Former Baltimore pastor Kevin Pushia took the witness stand Thursday and outlined how he and two other men — one his occasional lover — conspired to kill a disabled man to collect the insurance money.

Attorneys said he also discussed plans to attack a former boyfriend and claimed that a hired hit man, whom he paid $50,000 in church funds, came looking for other jobs shortly after killing a legally blind group-home resident named Lemuel Wallace in February 2009.

The testimony, which is expected to continue Friday, came during the trial of Pushia's alleged conspirators: brothers Kareem Clea, who's accused of being the shooter, and James Omar Clea, who is accused of serving as a middle man in the arrangement.

They're both charged with conspiracy to commit murder, though Kareem Clea is also charged with murder and handgun violations. Pushia has pleaded guilty to his role in the scheme and is awaiting sentencing.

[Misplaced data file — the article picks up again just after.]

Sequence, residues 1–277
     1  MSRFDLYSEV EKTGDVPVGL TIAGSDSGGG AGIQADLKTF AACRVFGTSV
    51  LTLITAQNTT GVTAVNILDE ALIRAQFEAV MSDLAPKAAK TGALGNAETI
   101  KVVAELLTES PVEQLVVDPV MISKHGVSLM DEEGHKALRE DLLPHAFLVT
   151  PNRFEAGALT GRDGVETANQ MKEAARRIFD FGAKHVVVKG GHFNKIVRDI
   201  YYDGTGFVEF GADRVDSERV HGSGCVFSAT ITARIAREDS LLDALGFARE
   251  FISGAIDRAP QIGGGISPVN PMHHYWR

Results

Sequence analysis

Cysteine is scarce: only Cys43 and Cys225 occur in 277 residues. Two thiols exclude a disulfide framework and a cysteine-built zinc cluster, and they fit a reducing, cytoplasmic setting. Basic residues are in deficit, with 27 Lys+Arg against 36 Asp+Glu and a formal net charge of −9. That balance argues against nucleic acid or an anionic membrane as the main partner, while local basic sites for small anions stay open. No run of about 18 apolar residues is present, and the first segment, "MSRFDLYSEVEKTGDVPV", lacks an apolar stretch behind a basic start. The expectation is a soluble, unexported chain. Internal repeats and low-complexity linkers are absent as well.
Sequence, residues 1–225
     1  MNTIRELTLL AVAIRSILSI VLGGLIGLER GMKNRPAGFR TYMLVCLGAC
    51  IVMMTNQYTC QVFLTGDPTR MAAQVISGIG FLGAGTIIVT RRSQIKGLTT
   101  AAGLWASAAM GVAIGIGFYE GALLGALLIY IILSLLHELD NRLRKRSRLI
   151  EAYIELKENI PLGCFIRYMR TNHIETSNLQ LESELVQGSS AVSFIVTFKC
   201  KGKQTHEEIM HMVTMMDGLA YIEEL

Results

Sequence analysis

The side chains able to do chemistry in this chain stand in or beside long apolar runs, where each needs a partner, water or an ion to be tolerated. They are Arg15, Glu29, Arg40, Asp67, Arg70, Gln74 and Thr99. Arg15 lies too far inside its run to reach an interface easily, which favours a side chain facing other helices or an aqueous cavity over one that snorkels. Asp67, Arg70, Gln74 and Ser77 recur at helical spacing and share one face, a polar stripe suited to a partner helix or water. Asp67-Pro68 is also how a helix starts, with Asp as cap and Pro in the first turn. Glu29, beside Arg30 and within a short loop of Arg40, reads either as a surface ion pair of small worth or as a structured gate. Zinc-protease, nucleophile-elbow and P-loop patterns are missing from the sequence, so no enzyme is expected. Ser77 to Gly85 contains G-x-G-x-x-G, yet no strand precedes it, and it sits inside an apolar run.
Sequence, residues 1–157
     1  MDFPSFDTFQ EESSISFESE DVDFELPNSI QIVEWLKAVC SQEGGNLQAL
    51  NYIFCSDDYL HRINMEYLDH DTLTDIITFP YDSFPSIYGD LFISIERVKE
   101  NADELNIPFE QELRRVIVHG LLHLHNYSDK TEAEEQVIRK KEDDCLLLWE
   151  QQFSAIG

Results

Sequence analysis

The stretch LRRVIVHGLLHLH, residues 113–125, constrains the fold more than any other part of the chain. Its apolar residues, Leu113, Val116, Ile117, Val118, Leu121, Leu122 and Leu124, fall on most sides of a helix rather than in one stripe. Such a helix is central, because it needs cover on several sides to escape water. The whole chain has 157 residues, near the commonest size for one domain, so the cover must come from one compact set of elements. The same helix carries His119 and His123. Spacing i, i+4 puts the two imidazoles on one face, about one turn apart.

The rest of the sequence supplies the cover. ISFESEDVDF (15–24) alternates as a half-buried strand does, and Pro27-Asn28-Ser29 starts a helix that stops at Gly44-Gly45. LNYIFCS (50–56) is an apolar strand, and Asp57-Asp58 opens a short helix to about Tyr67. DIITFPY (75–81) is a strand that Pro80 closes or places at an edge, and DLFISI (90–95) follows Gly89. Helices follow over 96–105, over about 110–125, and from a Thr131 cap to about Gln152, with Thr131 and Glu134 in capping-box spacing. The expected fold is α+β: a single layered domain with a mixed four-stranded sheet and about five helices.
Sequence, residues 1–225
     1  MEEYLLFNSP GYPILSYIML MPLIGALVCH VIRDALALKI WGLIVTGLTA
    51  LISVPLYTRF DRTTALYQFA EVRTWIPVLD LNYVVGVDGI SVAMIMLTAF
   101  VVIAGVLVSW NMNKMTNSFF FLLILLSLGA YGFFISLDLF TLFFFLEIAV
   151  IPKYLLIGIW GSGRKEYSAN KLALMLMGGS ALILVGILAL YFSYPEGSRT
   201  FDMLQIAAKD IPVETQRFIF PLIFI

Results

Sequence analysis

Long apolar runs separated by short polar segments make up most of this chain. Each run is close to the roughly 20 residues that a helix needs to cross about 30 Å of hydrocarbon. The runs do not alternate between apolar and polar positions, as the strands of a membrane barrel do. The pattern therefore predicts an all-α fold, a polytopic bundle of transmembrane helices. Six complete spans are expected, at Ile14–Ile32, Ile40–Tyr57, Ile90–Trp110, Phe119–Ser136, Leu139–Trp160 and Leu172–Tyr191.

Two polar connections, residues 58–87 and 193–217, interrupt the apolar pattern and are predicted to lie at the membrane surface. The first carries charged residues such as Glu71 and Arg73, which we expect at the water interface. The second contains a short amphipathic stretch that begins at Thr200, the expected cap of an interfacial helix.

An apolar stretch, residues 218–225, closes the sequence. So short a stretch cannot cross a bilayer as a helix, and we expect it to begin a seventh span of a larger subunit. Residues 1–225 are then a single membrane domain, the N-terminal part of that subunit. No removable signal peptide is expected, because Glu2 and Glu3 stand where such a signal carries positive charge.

Pushia's attorney, Russell A. Neverdon Sr., said after the trial concluded for the day that Pushia met James Clea online. Pushia and James Clea sometimes "got together" to satisfy one another's mutual "physical needs," Neverdon said, denying that they were in a real relationship.

Pushia pleaded guilty last year to conspiracy to commit murder along with seven counts of insurance fraud. He took out policies in Wallace's name totaling about $1.4 million, then listed himself and another man, Jason McFarland, as beneficiaries, according to court records.

Prosecutors said during Pushia's plea hearing last year that McFarland was unaware of the scheme, and he has not been charged. Court records show that Pushia filed for peace orders against McFarland, accusing him of assault, but that he failed to show up for hearings and the cases were dropped.

Pushia's attorney said that his client also conspired with James Clea to assault McFarland, who could not be reached Thursday.

tricia.bishop@baltsun.com

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